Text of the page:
- 2015 Federal Election
Cullen calls for co-operation to loosen Tory’s grip
A self-professed pragmatist arrived in Penticton Wednesday, and found himself in friendly territory.
Around 150 people crammed into the Cannery Stage Wednesday night to hear what Nathan Cullen, the would-be leader of the federal NDP, offers in the name of bipartisan politics.
Former Kooteney MLA Corky Evans introduced the Skeena-Bulkley Valley MP, and explained why he emerged from retirement on his farm to endorse Cullen’s leadership bid.
“How cool is this? Social democrats have filled a hall in the Okanagan,” he said. “I heard Nathan say once, ‘I’m in the business of ideas.’ I’ve waited a long time to hear that.
“Ideas mean there’s a chance of being wrong. That’s not normally OK. But in a leadership race, for the 60 or 100 days it takes, politicians are actually encouraged to have thoughts.”
One of those ideas fleshed out was Cullen’s concept of one-time electoral co-operation, which he would allow should he become NDP leader. He said it would allow joint nomination meetings with NDP, Liberal and Green party members to choose a candidate the riding could support and feasibly defeat an incumbent Conservative candidate.
“If you think eight months of Stephen Harper is a nightmare, think about eight years. We must put country ahead of party,” he said, noting that the additional Parliament seats are being weighted in areas of Tory strongholds. “The system’s rigged, and he’s going to rig it more.”
Cullen regaled the crowd with several humorous stories, particularly about his initial foray into politics in a historically conservative area, winning to the amazement of himself and his community.
He said the riding was experiencing “economic seizure,” with some areas posting 90 per cent unemployment and youth suicide rates nine times the national average. With more mills shutting down and canneries closing, Cullen said he was tired of his Conservative MP always reporting back to the riding about guns and gay marriage.
“Win lose or draw, we’re going to change the conversation,” Cullen said.
Now having been in office since 2004, the MP said he has watched the country’s reputation whittle away on the international stage on issues like Kyoto and trade negotiations with the United States.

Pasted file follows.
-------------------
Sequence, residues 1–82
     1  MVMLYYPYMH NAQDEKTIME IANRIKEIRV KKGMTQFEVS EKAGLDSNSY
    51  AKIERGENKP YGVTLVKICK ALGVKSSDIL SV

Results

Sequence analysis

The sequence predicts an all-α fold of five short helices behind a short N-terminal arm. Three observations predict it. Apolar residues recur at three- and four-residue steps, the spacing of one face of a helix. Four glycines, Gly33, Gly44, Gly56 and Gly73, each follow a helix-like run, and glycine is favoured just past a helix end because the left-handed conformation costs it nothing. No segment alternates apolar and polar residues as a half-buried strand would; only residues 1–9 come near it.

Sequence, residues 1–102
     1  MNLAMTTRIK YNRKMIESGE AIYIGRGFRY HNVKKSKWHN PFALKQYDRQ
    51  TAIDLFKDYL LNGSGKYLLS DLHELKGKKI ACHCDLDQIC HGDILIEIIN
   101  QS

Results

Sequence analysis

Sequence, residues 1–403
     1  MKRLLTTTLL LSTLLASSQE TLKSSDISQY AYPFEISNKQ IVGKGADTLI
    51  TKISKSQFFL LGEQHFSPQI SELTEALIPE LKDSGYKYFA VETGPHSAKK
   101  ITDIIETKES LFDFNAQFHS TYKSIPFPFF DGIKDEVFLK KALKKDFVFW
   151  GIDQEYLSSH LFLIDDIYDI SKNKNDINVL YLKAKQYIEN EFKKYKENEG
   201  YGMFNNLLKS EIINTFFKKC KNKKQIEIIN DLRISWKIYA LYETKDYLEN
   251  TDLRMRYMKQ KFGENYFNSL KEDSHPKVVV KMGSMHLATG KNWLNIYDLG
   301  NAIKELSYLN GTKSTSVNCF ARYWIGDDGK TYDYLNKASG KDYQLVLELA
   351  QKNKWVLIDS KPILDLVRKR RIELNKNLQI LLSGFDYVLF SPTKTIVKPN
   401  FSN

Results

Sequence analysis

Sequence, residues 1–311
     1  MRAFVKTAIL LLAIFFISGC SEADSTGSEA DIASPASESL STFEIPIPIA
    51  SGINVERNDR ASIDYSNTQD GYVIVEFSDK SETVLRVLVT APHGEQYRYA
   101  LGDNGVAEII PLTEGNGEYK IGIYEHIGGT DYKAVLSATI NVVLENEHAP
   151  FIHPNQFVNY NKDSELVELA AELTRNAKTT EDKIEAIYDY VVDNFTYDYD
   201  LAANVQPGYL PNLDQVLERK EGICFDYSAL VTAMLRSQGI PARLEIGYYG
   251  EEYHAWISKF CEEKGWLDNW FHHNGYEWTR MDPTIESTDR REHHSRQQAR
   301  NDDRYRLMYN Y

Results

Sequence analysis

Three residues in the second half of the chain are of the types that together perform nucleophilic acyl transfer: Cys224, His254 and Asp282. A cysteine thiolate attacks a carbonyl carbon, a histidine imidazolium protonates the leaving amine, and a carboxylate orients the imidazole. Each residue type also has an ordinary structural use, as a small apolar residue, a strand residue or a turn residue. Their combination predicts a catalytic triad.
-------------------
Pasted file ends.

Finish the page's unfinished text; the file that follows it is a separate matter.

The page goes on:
He added Canadians have to revisit the electoral system, given the current government was elected with only 39.6 per cent of the popular vote. He went further, noting if he had been given the power to distribute 5,000 votes in a few ridings across the country, Cullen stated the Conservatives would not only lose their majority, but would not be in power.
“That’s not a good system. If we were to choose a system today, we would not choose this one. It was created before the light bulb,” he said.
Cullen took questions from several local residents on making evidence-based decisions, environmental policy and the possibility of merger between the parties. Cullen said he wasn’t interested, noting the Bloc is a “funky animal on its last legs,” and that the Liberals are too “entitled” to co-operate fully with others.
“We may turn into a two-party state. For the NDP, if we’re one of those parties, we may think that’s great. But I’m not sure it’s all that it’s cracked up to be. You look at what’s happening in the south, and it’s Dumb and Dumber,” he said. “I think merger is a distraction.”
He got several laughs when asked what he would like to do with the Senate.
“I think the Senate would make a wonderful day care. It’s a lovely room,” he said, to which someone in the audience suggested it already was a day care.
“Yes, but it’s not affordable,” Cullen replied with a grin.
Julia Pope, a member of the federal NDP provincial executive, said at the end of the discussion that the party would vote on the leadership on March 24, and people had until mid-February to join and support Cullen’s leadership bid.